History of Fort McKavett
In the mid-nineteen century, Texas settlers were lured westward by the promise of affordable land. As the early pioneers moved into the territories of the fierce Comanche and Apache Indians, the native Americans struck back at the invaders and the Texas Indian Wars commenced.
To protect the settlers and travelers, the US army constructed 44 major posts and forts in Texas. At the end of the Indian Wars in the 1880’s, most of the Forts were closed and abandoned by the government. Ranchers and settlers either moved into the buildings or tore them down to use the construction materials.
Unlike several other forts on the Texas prairies, Fort McKavett was built to last. In fact, only a fire in 1942 succeeded in gutting the commanding officer’s quarters, originally erected in 1852. The lack of Indian uprisings in the vicinity led to soldiers being assigned to construction duties. In fact, things were so quiet for so long, that the fort was ordered abandoned in February of 1859. Troops left the following month for Camp Cooper. The buildings were used by pioneers throughout the Civil War.
When the U. S. Army returned to Fort McKavett in April of 1868, none but the commanding officer’s quarters were habitable. The task of reconstruction fell to the Fourth Cavalry, along with reinforcements from three companies of the 38th Infantry, all of whom were African Americans. Apparently, a settlement known as “Scabtown” arose on the opposite banks of the San Saba River, and with it, discipline problems. Colonel Ranald S. Mackenzie took command of the 38th Infantry in 1869. By September of that year, the 38th and the 41st were combined to form the 24th Infantry of the United States Army. This company, along with the 25th Infantry and the 9th and 10th Cavalries, comprised the renowned Buffalo Soldiers, the African-American troops of fame and legend.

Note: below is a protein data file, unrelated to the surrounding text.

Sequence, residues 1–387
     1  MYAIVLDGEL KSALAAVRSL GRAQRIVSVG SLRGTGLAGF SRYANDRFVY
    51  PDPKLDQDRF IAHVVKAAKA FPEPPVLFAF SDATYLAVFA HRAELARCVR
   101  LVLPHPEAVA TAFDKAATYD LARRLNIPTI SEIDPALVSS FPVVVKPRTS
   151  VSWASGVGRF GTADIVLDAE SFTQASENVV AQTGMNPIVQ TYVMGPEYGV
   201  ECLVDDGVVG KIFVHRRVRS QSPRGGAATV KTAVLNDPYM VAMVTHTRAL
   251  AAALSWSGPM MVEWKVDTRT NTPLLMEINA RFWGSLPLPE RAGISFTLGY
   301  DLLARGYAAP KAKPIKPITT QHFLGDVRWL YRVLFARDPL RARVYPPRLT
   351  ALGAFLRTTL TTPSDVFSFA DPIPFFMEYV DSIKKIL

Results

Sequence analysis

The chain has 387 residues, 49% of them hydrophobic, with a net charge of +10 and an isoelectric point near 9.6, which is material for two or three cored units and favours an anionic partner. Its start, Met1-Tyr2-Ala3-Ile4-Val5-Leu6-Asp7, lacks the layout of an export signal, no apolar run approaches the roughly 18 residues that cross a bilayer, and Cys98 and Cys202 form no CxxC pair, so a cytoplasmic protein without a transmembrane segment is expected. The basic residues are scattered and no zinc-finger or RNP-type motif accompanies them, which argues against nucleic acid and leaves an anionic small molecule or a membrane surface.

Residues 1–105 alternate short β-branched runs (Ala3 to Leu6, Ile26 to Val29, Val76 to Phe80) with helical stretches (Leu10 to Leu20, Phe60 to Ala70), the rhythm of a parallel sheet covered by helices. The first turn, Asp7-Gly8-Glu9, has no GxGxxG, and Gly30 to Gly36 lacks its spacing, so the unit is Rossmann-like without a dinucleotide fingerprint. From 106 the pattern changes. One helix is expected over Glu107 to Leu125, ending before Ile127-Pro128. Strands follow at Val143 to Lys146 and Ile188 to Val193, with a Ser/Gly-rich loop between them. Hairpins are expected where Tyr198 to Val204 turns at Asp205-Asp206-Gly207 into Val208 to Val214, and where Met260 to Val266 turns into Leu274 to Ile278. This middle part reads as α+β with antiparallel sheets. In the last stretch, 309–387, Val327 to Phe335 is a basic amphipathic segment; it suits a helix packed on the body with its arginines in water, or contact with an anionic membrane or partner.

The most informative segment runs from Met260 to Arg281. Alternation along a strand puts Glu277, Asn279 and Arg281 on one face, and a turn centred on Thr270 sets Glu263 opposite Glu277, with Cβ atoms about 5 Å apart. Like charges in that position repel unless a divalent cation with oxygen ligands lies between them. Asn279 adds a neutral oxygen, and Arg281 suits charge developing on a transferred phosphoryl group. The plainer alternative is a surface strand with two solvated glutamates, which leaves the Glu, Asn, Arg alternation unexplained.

Fort McKavett was not the object of hostile attacks in the late 1860s and the 1870s. Rather, the troops there provided support for other campaigns throughout neighboring territories. By the late 1870s, Indian wars in Texas were over and Fort McKavett began closing down operations in 1882. By mid-year 1883, the post was officially closed. Buildings had been turned over to local civilians. Those buildings which were occupied and cared for throughout the years still stand in good repair. The nearby “Scabtown” all but disappeared, except for the cemetery and a few other buildings.
By the 1950’s only a few buildings remained on these Texas historic sites. Fort McKavett had more ruins standing that most forts, because of its remote location and the fact that the buildings were built of lime-stone. The state acquired the 79.5 acres comprising the fort over a ten-year period ending in the mid-seventies. The park was first opened to the public in 1968. The state of Texas worked for many years restoring the fort. There are now over twenty-five restored buildings including the 1870 hospital, a barracks, officers quarters, a schoolhouse, the headquarters building and a lime kiln.
As you wander around the fort, it is easy to image the buffalo soldiers drilling on the parade ground. When you look in the barracks at the soldiers’ cots with wooden slats and straw stuffed mattresses, you understand what a difficult life these hardy people endured.
On the third week-end of March, the past comes alive at Ft. McKavett with a living history enactment performed by volunteer groups playing the roles of buffalo soldiers,cavalry officers, laundresses, wagonmasters, hunters, and settlers who once populated the fort.
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